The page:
Difference between revisions of "Seepage Dancer"

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<p>Seepage dancers (<em>Argia bipunctulata</em>) belong in the family of pond damselflies. The beginning and end segments of the males’ abdomen are blue with black rings on the posterior (rear) side; the middle segments are black. The top of its head is black. The blue areas of the body turn gray as temperatures cool and completely black when temperatures fall to 59° F. The head and thorax of the female is paler, more yellow than blue. The abdomens of female seepage dancers are black except for the eighth segment, which is blue. These damselflies average 1 - 1.2 inches in body length.</p>
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<p>Common habitats are small lakes, ponds, streams and seepage areas in woods with little water. Seepage dancers prefer sunny seepage areas which are usually grassy, but often boggy. They often are found perching on stems of bog plants. Predators, they feed on insects.</p>
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<p>Seepage dancers are endangered in Ohio, being found in small pockets of the state with suitable habitat. One is Cedar Bog in Champaign County and the other is Clark County's Prairie Road Fen Nature Preserve and Gallagher Fen Nature Preserve.</p>
 
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==See Also==
Seepage dancers (''Argia bipunctulata'') belong in the family of pond damselflies. The beginning and end segments of the males� abdomen are blue with black rings on the posterior (rear) side; the middle segments are black. The top of its head is black. The blue areas of the body turn gray as temperatures cool and completely black when temperatures fall to 59� F. The head and thorax of the female is paler, more yellow than blue. The abdomens of female seepage dancers are black except for the eighth segment, which is blue. These damselflies average 1 - 1.2 inches in body length.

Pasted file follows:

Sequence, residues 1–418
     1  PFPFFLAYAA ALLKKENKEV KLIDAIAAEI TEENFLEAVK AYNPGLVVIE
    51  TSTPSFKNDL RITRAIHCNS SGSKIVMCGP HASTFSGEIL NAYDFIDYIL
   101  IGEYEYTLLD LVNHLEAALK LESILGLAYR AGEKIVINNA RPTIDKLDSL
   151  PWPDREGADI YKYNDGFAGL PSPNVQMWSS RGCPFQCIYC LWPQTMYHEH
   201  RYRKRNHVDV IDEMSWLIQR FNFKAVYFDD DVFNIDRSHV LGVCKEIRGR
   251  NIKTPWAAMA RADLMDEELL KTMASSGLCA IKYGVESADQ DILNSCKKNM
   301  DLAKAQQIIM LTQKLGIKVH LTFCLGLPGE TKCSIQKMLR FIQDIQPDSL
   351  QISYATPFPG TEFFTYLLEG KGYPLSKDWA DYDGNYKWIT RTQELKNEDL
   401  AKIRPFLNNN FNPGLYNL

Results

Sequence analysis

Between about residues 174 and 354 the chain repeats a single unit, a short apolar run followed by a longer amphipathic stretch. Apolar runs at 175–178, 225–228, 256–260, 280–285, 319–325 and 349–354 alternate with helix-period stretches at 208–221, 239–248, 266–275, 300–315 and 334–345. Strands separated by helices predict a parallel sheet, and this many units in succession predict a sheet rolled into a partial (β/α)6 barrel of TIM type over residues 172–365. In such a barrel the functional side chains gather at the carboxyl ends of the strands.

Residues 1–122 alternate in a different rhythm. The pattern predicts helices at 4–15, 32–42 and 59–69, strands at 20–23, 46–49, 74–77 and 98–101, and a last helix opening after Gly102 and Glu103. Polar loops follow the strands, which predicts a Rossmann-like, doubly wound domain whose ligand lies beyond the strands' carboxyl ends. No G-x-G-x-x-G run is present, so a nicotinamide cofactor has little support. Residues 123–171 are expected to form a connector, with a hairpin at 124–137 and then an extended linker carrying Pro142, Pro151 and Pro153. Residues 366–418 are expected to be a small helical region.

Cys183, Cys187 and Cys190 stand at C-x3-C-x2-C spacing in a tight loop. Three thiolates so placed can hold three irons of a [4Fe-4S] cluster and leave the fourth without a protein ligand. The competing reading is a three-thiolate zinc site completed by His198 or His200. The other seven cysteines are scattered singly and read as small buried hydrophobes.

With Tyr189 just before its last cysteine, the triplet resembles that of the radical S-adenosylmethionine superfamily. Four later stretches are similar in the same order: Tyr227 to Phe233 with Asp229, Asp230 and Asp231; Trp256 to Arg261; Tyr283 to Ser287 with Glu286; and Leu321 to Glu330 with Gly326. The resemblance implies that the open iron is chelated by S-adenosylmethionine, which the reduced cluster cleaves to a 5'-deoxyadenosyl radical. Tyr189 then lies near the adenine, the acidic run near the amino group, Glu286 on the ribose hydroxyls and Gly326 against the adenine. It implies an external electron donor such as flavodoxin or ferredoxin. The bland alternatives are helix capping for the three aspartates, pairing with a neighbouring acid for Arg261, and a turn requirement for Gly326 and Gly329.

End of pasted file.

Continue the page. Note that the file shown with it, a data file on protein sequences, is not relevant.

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<div class="seeAlsoText">
 
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*[[Champaign County]]
Common habitats are small lakes, ponds, streams and seepage areas in woods with little water. Seepage dancers prefer sunny seepage areas which are usually grassy, but often boggy. They often are found perching on stems of bog plants. Predators, they feed on insects.
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*[[Clark County]]
 
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*[[Ohio]]
Seepage dancers are endangered in Ohio, being found in small pockets of the state with suitable habitat. One is Cedar Bog in Champaign County and the other is Clark County's Prairie Road Fen Nature Preserve and Gallagher Fen Nature Preserve.
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*[[Abdomen]]
[[Category:Natural History]] [[Category:Animals]] [[Category:Insects]]
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*[[Endangered]]
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*[[Head]]
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*[[Predator]]
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*[[Thorax]]
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*[[http://www.ohiohistory.org/places/cedarbog/ Cedar Bog]]
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*[[http://www.marietta.edu/~odonata Ohio Odonata Society]]
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</div>
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[[Category:Natural History Animals]]

Latest revision as of 14:24, 29 August 2013

Seepage dancers (Argia bipunctulata) belong in the family of pond damselflies. The beginning and end segments of the males’ abdomen are blue with black rings on the posterior (rear) side; the middle segments are black. The top of its head is black. The blue areas of the body turn gray as temperatures cool and completely black when temperatures fall to 59° F. The head and thorax of the female is paler, more yellow than blue. The abdomens of female seepage dancers are black except for the eighth segment, which is blue. These damselflies average 1 - 1.2 inches in body length.

Common habitats are small lakes, ponds, streams and seepage areas in woods with little water. Seepage dancers prefer sunny seepage areas which are usually grassy, but often boggy. They often are found perching on stems of bog plants. Predators, they feed on insects.

Seepage dancers are endangered in Ohio, being found in small pockets of the state with suitable habitat. One is Cedar Bog in Champaign County and the other is Clark County's Prairie Road Fen Nature Preserve and Gallagher Fen Nature Preserve.

See Also